Deliveries happen at night and lights need to be ON during the delivery times. Rather than keeping lights on all the time or relying on someone who might be preoccupied with customers to manually override a lighting schedule, this solution allowed lights to turn on automatically when someone enters the area. This solution also addresses the need for lights to be temporarily turned on for other activities, like cleaning after hours, assuring they will be automatically turned off when no longer needed. This minimizes the amount of energy used by only turning on the lights when someone is present.

chameleon’s hot water temperature monitoring uses a sensor to measure the temperature of a restaurant or convenience store’s water at the output of the hot water heater. To achieve this function two devices are needed. A temperature sensor to read the temperature of the water coming from the water heater and a communication device to transmit the information back to the system for recording. The temperature sensor that Small Box Energy uses is a sensor that straps directly onto the copper water pipe of the hot water heater and is physically wired to the communication device. The communication device, in this case, communicates back to the chameleon programmable web server wirelessly.

Occupancy controlled lighting uses a sensor to detect motion in a lighting zone and override the lights to ON.  This sensor can override current lighting schedules to turn on the desired zone by interrupting the signal coming from the Small Box Energy I/0 controller with a set of relays held inside of the Occupancy sensor.  The occupancy sensor itself can be mounted in the ceiling near the desired location to give maximum coverage of the area. It uses PIR or Passive Infrared technology, to measure infrared (IR) light radiating from objects in its field of view. It has a 360-degree field of view with up to an 800 ft range.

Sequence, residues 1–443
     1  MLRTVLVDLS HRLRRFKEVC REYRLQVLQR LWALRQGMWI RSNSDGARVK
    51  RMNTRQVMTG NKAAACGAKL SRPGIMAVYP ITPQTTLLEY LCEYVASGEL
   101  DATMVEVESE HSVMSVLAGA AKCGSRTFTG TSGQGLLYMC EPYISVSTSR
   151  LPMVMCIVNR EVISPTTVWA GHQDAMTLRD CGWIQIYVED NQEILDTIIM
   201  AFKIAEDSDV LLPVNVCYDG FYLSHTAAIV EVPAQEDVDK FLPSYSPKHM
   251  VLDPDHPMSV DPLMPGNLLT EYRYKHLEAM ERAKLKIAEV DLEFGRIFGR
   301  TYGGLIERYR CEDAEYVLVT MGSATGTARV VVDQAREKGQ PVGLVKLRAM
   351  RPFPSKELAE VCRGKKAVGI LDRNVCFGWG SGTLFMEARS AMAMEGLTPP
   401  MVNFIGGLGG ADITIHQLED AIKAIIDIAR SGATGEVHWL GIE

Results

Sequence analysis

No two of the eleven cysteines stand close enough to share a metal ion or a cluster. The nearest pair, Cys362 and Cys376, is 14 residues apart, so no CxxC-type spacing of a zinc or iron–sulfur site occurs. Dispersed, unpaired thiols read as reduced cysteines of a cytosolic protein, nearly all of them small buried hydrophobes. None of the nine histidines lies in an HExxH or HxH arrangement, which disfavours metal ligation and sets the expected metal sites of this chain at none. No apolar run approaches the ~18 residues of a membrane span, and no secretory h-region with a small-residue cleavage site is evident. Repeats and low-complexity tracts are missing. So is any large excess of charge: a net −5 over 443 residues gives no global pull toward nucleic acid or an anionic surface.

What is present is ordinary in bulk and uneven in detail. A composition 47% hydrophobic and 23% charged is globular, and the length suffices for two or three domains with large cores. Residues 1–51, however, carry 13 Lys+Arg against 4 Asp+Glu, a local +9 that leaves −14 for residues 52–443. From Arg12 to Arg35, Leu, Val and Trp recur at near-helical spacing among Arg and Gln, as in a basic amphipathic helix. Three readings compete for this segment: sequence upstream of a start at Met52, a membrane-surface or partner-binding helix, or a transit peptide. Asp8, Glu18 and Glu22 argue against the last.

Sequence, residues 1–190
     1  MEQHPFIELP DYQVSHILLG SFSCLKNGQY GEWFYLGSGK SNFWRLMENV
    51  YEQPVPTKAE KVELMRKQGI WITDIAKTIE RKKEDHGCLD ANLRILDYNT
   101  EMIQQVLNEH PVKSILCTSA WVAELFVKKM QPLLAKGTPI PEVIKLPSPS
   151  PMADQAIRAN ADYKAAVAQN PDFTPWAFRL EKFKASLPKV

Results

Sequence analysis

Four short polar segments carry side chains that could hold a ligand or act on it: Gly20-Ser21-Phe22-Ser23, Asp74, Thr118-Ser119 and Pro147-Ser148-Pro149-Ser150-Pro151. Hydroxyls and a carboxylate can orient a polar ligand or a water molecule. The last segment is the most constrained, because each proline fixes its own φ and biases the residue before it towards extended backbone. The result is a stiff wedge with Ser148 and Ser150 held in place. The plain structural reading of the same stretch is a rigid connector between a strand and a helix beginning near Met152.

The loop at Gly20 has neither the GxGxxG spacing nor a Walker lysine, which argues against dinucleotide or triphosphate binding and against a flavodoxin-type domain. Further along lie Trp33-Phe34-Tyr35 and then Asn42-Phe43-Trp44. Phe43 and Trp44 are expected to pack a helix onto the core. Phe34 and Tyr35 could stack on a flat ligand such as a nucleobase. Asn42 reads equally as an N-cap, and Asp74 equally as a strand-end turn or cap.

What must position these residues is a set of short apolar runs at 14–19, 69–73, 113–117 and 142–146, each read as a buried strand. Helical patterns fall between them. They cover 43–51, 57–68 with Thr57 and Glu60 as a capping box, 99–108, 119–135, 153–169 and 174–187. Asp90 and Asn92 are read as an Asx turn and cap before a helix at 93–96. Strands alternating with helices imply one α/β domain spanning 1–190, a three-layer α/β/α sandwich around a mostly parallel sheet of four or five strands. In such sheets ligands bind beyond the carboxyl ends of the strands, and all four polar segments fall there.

The occupancy sensor cuts down on the amount of energy used by only turning on the lights when someone is present then turning them off automatically. Typically occupancy sensors are installed to eliminate the problem of lights being left on. What we typically see is the lights being left on by an employee who simply forgot to turn them off, and honestly who hasn’t been there? The hot water sensor directly reduces the amount of energy consumed as well, in most cases, we will see overheating of the water which causes money spent on warming the water for no reason. These two solutions are one of the many options Small Box Energy has to offer. The great thing about the chameleon platform is that once you have a base system in, it changes and molds to your business model. Hence the name! Chameleons blend in….just as we blend into your business while enhancing your visibility and operational efficiency.